“Both the assesses were partners in a partnership firm having equal share in the profits of business. The firm owned a factory building which was shown at cost in the balance sheet from year to year and no depreciation was being claimed thereon. On 1.4.1993, the book value of the said factory building was reflected at Rs. 79,452. On 15.4.1993, the said building was revalued at Rs. 23 lakhs and the difference on account of revaluation of asset i.e. Rs. 22,20,548 was credited equally to the capital accounts of both the partners. On 29.4.1993, the firm was reconstituted by the admission of give new partners and total profit sharing ratio of the old partners was reduced to 5 per cent. Subsequently, both the partners had withdrawn a sum of Rs. 18,53,700 from their respective accounts. The said consideration received by the partners was treated as assignment and relinquishment of their respective shares in the partnership assets in favour of the new partners admitted to the reconstituted firm. The transaction was treated as transfer within the meaning of section 2(47) and the gain arising therefrom was held liable to be taxed as capital gains u/s. 45.”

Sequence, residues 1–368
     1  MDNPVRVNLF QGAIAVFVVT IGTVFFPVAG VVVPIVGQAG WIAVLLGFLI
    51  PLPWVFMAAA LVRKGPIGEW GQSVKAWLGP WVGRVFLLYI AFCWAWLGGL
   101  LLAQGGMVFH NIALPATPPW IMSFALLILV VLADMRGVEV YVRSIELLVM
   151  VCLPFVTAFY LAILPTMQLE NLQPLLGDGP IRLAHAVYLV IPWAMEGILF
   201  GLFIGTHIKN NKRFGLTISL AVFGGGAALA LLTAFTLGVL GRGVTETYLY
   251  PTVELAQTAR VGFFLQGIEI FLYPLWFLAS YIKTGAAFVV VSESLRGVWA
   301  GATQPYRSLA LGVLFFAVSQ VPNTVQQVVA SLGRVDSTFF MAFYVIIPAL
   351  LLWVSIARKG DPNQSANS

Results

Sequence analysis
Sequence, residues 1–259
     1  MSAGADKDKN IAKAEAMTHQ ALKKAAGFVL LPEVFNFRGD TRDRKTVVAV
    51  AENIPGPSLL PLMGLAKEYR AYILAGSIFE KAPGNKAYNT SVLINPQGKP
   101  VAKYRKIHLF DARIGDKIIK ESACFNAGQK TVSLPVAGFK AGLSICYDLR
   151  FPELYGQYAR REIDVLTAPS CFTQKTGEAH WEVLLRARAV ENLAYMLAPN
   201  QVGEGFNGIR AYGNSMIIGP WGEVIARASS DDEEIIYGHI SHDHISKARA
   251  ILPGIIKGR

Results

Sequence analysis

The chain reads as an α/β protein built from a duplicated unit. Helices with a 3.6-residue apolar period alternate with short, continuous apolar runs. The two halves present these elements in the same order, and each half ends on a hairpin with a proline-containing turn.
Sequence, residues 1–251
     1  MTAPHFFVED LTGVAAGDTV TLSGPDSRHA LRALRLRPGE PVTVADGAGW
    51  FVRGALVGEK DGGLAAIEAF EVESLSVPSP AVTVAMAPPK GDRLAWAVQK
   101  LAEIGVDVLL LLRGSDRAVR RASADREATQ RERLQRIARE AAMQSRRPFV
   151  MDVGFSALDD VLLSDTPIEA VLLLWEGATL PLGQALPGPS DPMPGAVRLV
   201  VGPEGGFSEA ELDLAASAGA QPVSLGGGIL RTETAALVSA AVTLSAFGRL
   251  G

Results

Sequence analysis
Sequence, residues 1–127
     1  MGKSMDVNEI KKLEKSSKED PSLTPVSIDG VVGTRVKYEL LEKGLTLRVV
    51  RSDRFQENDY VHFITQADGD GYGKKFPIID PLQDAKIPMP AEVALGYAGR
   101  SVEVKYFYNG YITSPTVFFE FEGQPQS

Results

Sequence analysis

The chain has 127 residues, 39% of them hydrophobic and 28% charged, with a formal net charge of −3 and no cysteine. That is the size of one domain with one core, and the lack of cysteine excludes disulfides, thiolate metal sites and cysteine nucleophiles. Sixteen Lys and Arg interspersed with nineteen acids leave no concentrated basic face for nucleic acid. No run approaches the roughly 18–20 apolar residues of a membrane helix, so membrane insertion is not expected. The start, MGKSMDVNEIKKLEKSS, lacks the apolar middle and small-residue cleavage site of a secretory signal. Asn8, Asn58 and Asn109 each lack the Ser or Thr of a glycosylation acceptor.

10. Similarly, the Kerala High Court in the case of CIT Vs Kunnamkulam Mill Board 257 ITR 544 it has been held as follows: